Sorry for the slightly poor photo attached to this post. I’ll explain why it’s the way it is shortly. So, last night saw one of the regular evening lectures, open to the public, organised here at Surrey on behalf of the Institute of Physics South Central Branch. The speaker was Dr Clare Burrage from the University of Nottingham, talking about “The Dark Side of the Universe”. It was a good time to entice Dr Burrage as a speaker. For one thing, the 2015 Maxwell Medal and Prize was awarded to her for her research into dark energy, and for another, her talk was closely related to Einstein’s General theory of Relativity, which has been celebrating its 100th anniversary in the last few weeks (with various dates being picked according to various criteria, but with agreement that the anniversary is right around now).
Her talk covered the vast amount of the Universe that we don’t understand. Based on current observations, if one were to take a typical small volume of the universe, the energy contained in the volume would consist of 4% associated with “normal matter” — atoms etc. (with the mass being equivalent to the energy content, through Einstein’s famous E=mc2 relationship), while the rest would be split between “dark matter” — stuff which does not radiate light, and “dark energy” — a placeholder name given to whatever it was that causes the observed acceleration in the expansion of the universe.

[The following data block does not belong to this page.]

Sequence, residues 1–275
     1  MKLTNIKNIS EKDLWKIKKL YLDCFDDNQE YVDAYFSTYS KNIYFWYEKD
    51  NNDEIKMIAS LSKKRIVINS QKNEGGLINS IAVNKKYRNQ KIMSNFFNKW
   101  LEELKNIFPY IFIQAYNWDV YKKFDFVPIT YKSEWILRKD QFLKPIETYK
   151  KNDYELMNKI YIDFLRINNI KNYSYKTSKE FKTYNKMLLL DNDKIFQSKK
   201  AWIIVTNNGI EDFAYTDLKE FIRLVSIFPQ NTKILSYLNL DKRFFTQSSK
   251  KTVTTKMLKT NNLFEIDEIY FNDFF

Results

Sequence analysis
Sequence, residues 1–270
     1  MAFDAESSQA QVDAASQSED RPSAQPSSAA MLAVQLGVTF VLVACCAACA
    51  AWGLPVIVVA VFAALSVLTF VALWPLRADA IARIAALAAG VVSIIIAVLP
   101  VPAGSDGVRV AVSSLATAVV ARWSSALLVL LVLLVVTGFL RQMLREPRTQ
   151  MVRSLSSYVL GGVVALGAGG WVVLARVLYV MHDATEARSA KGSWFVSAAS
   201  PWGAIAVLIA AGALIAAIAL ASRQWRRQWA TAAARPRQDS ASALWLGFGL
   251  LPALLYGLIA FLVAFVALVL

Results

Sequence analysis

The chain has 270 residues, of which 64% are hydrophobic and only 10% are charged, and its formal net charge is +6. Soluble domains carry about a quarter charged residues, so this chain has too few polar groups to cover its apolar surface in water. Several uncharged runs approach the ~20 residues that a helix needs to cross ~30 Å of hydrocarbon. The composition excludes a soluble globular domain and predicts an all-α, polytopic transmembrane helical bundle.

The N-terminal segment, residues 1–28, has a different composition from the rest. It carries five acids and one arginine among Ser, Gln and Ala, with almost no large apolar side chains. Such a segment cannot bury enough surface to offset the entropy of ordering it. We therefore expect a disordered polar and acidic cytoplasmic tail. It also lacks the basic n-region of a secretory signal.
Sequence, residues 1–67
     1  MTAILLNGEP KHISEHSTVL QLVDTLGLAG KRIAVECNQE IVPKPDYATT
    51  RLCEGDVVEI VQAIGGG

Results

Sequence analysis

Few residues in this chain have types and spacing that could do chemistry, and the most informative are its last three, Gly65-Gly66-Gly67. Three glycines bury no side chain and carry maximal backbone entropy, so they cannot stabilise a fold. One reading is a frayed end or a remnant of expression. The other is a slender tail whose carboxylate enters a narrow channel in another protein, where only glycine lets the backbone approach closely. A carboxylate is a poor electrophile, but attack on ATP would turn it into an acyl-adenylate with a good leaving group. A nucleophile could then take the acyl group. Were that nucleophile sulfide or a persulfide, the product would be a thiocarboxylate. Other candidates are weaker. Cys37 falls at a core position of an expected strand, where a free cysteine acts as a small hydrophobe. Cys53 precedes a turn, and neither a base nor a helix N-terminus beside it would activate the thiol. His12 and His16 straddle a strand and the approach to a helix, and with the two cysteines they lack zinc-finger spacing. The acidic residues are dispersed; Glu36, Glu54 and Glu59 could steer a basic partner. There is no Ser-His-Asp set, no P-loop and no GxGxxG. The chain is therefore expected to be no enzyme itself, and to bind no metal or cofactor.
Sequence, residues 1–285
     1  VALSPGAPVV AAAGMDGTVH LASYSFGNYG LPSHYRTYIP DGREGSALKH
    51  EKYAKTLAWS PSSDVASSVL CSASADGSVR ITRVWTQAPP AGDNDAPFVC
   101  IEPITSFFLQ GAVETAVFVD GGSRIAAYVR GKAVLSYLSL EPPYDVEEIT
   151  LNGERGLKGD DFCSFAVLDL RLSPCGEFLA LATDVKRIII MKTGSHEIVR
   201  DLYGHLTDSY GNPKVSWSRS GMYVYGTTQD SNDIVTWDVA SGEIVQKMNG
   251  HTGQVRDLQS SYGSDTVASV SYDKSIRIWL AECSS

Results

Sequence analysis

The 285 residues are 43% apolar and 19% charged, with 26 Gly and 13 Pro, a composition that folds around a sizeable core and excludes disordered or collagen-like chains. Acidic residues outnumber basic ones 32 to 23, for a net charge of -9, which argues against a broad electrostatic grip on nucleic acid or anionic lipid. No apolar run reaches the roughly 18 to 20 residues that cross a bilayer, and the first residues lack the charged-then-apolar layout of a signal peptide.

She covered, amongst other things, the possible link between quantum mechanics and the fluctuations it causes even in the vacuum of space, and the dark energy. It’s all speculative at this stage, as she was clear to point out when reaching a dividing line in her talk between a first part covering scientific orthodoxy and a second with hypotheses and ideas for what the resolution of the 96%-we-don’t-understand problem. Despite the fact that the talk was (very well) pitched at a general science-interested audience, and that I am a physicist, I certainly feel like I learnt something about cosmology from her talk. That has to be the sign of a good talk.
The poor picture is because, as the host, I was standing at the front to introduce the speaker and only got to sat down as she started. The turnout was so high (a little over 200 according to my count, which I did by counting only empty seats), that I had to sit right in the corner at the front to take the picture of one of her slides for this planned blogpost!
The next talk in the series, by the way, is on Wednesday 10th Feb 2016, by Dr Suzie Sheehy of the University of Oxford, who will give a talk entitled “10 Things you Should Never do with a Particle Accelerator“. See you there!